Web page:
Over the last year, more than 400 Pittsburghers have gone to their neighborhood Carnegie Library, not to borrow a book, but an air quality monitor.
Now, this partnership with Carnegie Mellon University will be expanded nationwide.
“We want to repeat this experiment all across the nation,” said Sarah Longo, operations manager at AirViz, which makes the monitors. “As a for-profit company, this is our way of paying it forward, because it’s part of our mission to empower as many people as possible.”
According to CMU, the rental program will expand to 100 public libraries nationwide. Branches will receive three free devices and a 15 percent discount on additional purchases.
They will also reach out to community members interested in being “air quality advocates,” who will spread the word about air quality monitors through their local library.
In the year since the program’s Pittsburgh launch, Longo said the response has been positive. More than 400 people have used the device to test the air in their home.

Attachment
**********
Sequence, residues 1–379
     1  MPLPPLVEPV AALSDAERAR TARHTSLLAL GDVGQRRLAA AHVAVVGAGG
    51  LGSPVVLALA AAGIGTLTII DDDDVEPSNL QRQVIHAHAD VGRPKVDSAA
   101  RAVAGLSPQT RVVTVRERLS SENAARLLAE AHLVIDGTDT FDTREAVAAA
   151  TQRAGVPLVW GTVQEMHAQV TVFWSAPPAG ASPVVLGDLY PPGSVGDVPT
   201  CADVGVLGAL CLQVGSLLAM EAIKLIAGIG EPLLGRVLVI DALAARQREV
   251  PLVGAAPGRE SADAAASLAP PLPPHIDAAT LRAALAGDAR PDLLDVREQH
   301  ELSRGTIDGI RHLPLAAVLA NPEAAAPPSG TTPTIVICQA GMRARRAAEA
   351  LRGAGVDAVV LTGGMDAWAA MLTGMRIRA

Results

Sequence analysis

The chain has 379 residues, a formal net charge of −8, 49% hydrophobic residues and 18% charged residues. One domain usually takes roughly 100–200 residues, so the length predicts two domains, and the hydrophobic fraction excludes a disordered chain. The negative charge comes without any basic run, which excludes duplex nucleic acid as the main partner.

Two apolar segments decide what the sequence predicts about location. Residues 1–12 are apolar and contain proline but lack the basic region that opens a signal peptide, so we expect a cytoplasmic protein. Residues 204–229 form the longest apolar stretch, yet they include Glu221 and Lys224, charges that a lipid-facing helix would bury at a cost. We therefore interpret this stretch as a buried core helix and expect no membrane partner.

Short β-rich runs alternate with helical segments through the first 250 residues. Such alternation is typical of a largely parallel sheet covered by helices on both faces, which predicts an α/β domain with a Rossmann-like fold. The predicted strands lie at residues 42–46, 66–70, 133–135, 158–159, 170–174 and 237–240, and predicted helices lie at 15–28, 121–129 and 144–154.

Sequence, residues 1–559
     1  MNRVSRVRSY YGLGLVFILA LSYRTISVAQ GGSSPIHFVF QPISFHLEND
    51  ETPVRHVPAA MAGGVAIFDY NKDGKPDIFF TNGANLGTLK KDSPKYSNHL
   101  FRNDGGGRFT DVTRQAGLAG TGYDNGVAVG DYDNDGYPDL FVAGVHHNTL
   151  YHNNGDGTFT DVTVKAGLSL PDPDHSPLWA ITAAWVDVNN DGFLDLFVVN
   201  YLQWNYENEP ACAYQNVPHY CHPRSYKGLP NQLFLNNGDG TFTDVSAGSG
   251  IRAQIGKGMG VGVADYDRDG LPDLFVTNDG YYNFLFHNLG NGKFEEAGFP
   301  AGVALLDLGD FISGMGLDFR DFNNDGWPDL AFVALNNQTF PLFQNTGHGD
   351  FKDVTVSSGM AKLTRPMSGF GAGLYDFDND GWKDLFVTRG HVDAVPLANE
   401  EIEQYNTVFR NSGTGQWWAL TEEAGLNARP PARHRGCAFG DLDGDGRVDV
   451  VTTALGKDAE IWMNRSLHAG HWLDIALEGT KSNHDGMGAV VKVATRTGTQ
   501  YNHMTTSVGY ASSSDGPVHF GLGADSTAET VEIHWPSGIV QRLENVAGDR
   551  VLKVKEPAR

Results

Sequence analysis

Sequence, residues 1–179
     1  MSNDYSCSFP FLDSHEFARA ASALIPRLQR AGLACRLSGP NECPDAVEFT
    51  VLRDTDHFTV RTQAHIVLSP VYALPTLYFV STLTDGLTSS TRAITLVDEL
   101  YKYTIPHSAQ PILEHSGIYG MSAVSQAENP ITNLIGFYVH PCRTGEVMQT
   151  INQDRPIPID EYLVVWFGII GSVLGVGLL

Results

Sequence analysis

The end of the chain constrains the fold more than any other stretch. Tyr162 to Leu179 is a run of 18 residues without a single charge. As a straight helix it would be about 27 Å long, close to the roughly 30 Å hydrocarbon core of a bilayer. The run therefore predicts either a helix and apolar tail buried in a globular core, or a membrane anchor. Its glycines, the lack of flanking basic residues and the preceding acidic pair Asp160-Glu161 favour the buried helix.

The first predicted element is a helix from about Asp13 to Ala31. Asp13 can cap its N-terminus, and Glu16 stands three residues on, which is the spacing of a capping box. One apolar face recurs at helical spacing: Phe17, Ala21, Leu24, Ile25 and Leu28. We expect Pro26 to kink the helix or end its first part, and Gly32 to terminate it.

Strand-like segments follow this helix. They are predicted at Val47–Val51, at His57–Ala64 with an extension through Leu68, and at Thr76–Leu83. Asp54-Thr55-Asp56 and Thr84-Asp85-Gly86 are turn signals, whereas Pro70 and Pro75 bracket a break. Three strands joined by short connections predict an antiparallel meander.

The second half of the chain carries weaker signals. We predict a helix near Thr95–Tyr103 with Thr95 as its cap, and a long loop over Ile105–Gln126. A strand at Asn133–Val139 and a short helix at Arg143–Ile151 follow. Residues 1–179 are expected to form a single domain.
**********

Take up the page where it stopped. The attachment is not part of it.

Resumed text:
“We’ve had schools do anti-idling campaigns," she said. "We’ve had people clean their HVAC systems using these. We’ve had other people discover that they need to replace sewer systems."
The device detects indoor particle matter with an infrared sensor and feeds the user data on the quality of their air. Longo said from there, homeowners can make practical improvements to their home.
“Use different cleaning products, turn your kitchen vent on or off, notice what’s happening whenever you turn your air conditioning on or off," she said. "See if you need to put an air purifier in your child’s bedroom."
She said air quality can be a serious problem for those with asthma or COPD. The most harmful air pollutants are only one-thirtieth the diameter of a strand of human hair.
“They’re very, very small," Longo said. "We can’t see them with the naked eye, and those are the particles that we breathe deeply. They get into our lungs, they get into our bloodstream and they can cause long-term health problems.”